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I'm trying to evaluate what seems to be a straightforward contour integral:

$$I=\int_{\gamma} \frac{dz}{\alpha + \beta z} $$

where $\gamma (t) = e^{-it}$, $t \in \left[ 0,\pi\right]$, $\alpha, \beta \in \mathbb{C}$, and $|\alpha| \ne |\beta|$. Explicitly,

$$I=\int_{0}^{\pi} \frac{(-ie^{-it})dt}{\alpha + \beta e^{-it}}$$ $$=-i\int_{0}^{\pi} \frac{dt}{\alpha e^{it} + \beta }$$

I want to say that

$$I=\frac{1}{\beta}\left(\log\left(\frac{\beta -\alpha}{\beta +\alpha}\right)-i \pi \right)$$

but I feel like I'm neglecting some subtle branch cut issues. Any help or insight would be greatly appreciated.

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1 Answer 1

up vote 3 down vote accepted

You do have to be careful to use a branch of the log that is analytic in a neighbourhood of the contour, which in this case is the semicircle in the lower half plane from $1$ to $-1$. Let's assume $\beta \ne 0$ (the case $\beta = 0$ being very easy). The integrand has a pole at $z = -\alpha/\beta$, which is not on the contour since $|\alpha| \ne |\beta|$. Now $\frac{\log(\alpha + \beta z)}{\beta}$ is an antiderivative, but where to put the branch cut? The branch cut must be a curve from the branch point $z = -\alpha/\beta$ to $\infty$. If you use the branch of log whose imaginary part is from $\tau$ to $\tau + 2 \pi$, the branch cut has $\alpha + \beta z = r e^{i\tau}$, i.e. $z = (-\alpha + r e^{i\tau})/\beta$, for $0 < r < \infty$. If $\beta = b e^{i\theta}$ with $b > 0$, that extends out from $-\alpha/\beta$ in the direction of argument $\tau - \theta$. You have to make sure that doesn't hit the semicircle. For example, if $-\alpha/\beta$ is in the blue region shown below, $\tau - \theta = \pi/2$ would be safe, while in the red region $\tau - \theta = -\pi/2$ would be safe.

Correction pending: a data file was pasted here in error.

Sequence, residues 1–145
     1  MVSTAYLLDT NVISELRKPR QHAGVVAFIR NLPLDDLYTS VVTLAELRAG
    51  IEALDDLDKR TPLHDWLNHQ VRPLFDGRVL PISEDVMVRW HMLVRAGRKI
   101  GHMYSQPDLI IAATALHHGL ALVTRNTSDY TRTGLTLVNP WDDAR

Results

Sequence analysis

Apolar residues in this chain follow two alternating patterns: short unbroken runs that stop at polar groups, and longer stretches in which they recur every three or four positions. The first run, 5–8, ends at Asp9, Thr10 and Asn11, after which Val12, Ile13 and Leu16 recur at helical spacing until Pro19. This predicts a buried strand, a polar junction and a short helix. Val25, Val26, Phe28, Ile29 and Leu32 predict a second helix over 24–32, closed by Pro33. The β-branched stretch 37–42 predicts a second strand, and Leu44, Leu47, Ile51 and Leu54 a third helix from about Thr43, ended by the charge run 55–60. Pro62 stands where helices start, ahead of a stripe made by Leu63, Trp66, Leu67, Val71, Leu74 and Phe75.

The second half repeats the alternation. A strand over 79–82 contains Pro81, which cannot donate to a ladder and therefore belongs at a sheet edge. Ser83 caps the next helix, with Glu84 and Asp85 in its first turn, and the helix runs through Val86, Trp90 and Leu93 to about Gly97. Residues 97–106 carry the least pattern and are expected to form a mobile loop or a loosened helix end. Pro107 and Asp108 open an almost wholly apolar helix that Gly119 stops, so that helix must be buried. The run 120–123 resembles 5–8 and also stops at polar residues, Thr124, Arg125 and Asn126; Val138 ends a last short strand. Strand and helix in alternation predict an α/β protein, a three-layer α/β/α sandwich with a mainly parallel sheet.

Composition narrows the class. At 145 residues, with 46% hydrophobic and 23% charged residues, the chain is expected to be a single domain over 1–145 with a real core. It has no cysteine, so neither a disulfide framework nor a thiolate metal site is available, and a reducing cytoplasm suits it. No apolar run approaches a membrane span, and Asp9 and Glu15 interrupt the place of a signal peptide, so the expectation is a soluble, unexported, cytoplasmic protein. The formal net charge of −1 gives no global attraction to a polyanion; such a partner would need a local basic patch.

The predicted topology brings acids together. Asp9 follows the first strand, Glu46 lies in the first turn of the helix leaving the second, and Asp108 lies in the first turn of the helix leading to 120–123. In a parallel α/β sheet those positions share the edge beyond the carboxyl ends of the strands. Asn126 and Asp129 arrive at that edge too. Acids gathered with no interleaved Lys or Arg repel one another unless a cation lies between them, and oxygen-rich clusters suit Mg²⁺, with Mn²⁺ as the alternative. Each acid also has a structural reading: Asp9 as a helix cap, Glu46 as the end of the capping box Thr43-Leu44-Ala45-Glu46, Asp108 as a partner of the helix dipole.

Thus with $\alpha = 1$ and $\beta = -2 i$, $-\alpha/\beta = -i/2$ is in the blue region, $\theta = -\pi/2$, and we can take $\tau = 0$: an antiderivative is $F(z) = -\frac{i}{2} \log(1 - 2 i z)$ where the imaginary part of log is between $0$ and $2 \pi$. The integral is then $$ \eqalign{ F(-1) - F(1) &= \frac{i}{2} \left(\log(1 + 2 i) - \log(1 - 2 i)\right)\cr &= \frac{i}{2} \left( \frac{\ln 5}{2} + \arctan(2) i - \frac{\ln 5}{2} - (2 \pi - \arctan(2)) i \right)\cr & = \pi -\arctan(2)\cr}$$

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Thanks! Great explanation. –  Jackson Walters Apr 13 '12 at 15:47

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